Such low productivity leads to increasing poverty and food insecurity of rural poor farm households in the country. During the past years, the government and NGOs have undertaken various attempts to enhance agricultural productivity particularly that of cereal crops so as to achieve food security and to reduce poverty in the country. The available studies on the productivity of cereal crops in general and maize production in particular in Ethiopia found low productivity in comparison with the international standards (Alemayehu, 2009), although, the
ntroduction The Food and Agriculture Organisation (FAO), defines famine as a complete inaccessibility of food in a given area leading to death (Tran, 2012). The percentage of undernourished people, in sub-Saharan Africa, has increase from twenty eight per cent in 2004–2006 to twenty nine per cent in 2008, while developing countries have an average of seventeen percent for the same period (UN, 2009). This indicates a contradiction to achieving the Millennium Development Goal 1, which is to halve the population living in hunger by 2015 from 1990, both globally and in Africa. USAid funds the World Food Programme (WFP), a programme that initiated the Food Security Nutrition Assessment (FSNA), in order to monitor the world’s food security status.
This makes the analysis more complicated. Human capital inputs have been recognized as critical factors in achieving recent sustained growth in productivity in some African countries (Schultz, 2003). Farmers affected by malnutrition and ill health could experience lower productivity and income due to impaired work capacity in the field and reduced management and supervision abilities (Antle and Pingali, 1994). Farm work, particularly
First by reducing the prices of foods and imposes the punishments on the traders who will not follow the rules. So the poor citizen can buy adequate nutrients. Second, providing farmers the right to grow food to feed them, sell surplus and farm inputs such as fertilizer and seeds, in addition to that being cheaper. So these farmers can live in a better standard. In 2007, the percent of emergency food in South Africa was 400%.
In particular, it caused a rice shortage (Sharp decline in supply of rice) and famine in the country. Due to the United Nations’ FAO (Food and Agricultural Organization), almost 65% of the country’s paddies were devastated by Nargis. The second potential non-price determinant could be advancement in technology. It is known that today modern tools, machineries are used in any area of agriculture in order to increase the sufficiency of land, improve the quality and supply more goods in the market. Japan’s agriculture can be a good example.
This further puts a financial burden of rural communities who see their agricultural activities slowly disappear in favor of cheaper imports from China, South America or the like. As s result, rural economies are often very fragile and lack the robustness of the industrialized urban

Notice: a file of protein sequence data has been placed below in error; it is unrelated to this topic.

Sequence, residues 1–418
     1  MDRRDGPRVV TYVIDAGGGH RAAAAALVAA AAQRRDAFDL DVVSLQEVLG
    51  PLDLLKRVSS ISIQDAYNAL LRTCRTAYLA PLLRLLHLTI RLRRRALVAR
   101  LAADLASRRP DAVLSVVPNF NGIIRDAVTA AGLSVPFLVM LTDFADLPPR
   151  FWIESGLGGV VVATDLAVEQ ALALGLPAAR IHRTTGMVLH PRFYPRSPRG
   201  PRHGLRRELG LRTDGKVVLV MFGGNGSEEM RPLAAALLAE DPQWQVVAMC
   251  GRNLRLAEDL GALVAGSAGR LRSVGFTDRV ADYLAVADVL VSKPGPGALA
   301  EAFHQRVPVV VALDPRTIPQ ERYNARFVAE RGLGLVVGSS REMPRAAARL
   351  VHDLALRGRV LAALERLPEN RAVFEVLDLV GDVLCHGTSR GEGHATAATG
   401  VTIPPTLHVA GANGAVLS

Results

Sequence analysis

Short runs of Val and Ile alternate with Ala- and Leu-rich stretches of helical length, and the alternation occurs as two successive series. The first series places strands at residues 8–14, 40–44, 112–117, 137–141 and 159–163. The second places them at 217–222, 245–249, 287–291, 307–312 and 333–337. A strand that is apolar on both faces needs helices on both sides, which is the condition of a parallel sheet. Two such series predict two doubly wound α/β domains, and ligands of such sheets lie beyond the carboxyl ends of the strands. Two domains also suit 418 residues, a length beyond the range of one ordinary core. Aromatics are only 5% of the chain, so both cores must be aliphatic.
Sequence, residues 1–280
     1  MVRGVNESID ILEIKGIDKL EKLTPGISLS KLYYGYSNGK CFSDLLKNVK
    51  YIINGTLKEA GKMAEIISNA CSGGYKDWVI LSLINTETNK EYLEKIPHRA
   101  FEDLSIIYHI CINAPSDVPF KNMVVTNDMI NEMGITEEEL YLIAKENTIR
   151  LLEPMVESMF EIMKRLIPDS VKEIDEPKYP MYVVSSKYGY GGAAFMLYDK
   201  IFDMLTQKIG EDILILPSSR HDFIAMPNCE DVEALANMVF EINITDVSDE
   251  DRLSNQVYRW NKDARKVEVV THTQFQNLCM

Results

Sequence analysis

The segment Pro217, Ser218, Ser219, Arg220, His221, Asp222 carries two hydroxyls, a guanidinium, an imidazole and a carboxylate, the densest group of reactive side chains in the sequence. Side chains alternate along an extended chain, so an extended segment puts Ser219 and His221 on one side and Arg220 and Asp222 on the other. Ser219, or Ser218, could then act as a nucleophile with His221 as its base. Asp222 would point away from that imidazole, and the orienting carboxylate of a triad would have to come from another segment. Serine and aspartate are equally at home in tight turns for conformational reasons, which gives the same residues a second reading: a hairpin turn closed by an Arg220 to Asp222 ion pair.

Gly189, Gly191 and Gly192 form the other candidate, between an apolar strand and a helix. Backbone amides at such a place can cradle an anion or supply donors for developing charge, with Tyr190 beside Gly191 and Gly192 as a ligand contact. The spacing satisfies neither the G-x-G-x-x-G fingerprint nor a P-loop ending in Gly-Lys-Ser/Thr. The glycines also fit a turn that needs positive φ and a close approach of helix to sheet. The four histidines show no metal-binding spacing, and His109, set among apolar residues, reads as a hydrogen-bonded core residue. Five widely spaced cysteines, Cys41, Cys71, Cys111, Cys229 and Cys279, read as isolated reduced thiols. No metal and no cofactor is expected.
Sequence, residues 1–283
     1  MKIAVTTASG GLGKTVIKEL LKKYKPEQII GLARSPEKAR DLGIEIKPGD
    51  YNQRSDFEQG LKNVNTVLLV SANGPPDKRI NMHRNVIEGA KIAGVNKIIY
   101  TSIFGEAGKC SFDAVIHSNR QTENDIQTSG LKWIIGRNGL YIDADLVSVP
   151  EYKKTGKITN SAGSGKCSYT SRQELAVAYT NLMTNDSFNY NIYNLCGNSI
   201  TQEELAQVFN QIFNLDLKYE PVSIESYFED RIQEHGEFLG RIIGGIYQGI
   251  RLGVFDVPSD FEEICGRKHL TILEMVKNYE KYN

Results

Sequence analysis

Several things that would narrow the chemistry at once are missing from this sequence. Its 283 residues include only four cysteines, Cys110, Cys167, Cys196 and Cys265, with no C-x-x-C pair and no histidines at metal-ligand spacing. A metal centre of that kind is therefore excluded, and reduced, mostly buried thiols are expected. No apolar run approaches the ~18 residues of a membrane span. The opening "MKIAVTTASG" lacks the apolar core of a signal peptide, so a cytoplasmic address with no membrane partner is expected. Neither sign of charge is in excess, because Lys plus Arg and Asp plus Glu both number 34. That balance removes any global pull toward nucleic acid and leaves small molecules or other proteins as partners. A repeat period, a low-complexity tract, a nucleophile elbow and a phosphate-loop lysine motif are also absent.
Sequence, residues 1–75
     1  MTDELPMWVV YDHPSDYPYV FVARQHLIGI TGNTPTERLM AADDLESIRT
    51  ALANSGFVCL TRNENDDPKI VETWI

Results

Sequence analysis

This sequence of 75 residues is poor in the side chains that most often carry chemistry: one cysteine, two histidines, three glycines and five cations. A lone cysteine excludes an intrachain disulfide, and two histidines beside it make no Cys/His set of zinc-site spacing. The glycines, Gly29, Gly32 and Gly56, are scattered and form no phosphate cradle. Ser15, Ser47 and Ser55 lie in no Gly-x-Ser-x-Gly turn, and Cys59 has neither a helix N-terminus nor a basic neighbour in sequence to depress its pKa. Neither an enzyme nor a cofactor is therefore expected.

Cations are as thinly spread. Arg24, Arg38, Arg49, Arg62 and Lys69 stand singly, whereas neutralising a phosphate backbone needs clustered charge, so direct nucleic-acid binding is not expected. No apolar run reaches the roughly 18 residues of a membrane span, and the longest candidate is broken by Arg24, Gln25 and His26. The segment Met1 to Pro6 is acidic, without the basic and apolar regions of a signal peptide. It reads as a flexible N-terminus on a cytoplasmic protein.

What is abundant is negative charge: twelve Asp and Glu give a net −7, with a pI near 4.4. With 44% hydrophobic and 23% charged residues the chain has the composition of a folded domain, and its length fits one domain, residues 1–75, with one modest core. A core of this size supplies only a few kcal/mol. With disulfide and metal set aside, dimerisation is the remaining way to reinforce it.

Abstract The growing human population will definitely increase demand for food and fibre to feed an additional 2 billion people by 2050. Several gains that were made in the 1970s through the use of high yielding varieties and high-tech technologies are being reversed because there is evidence of soil degradation and destruction of natural resources especially in Africa and parts of Asia. The most notable challenges affecting agricultural productivity include; climate change, decline in soil and water quality, reduction of farmer participation in conservation practices and uneven policies that do not ensure sustainability. Sustainable agriculture means that it should cover all the five aspects of sustainability; biological productivity, economic
This is often one of the leading causes of price increases on many products. Because the produce economy is nearly entirely based on the needs of the consumer, this economical system is constantly alive. The role that organic farming plays, however, has the potential to curve this economy in a way that the world has never seen. While most changes in agriculture supported a growing population, organic farming does not. It is well known that organic farming has very few positive outcomes, and very many negative outcomes.
These reactions are letting the management and benefactors to discount the fundamental causes of food insecurity. Even worse, a recent analysis found evidence of a disincentive effect on agricultural production, exacerbated by food aid’s “continuance during good harvest years and its distribution in non-emergency regions of the country” (Teressa and Heidhues 1998:132). Part of the problem is the high volume of non-emergency food aid and food-for-work, which increases food supplies and depresses prices in local markets. To reduce dependency and create incentives for farmers and traders, at least where nascent markets exist, relief programming should shift from food to cash transfers cash-for-work rather than food-for-work, perchance financed by monetisation of food
This fact has convinced many farmers lately to be in trend and switch for a farming system to fulfil the consumer’s demands. The conventional farming is very costly because of the high price of the inputs (fertilizer, pesticides etc.) whereas, the inputs of organic farming practice are quite cheaper. Due to the Globalization government of India is reducing the fertilizer subsidy day by day and this leading increment of production cost (conventional system). The conventional potato market demand is quite as compared to the organic potato.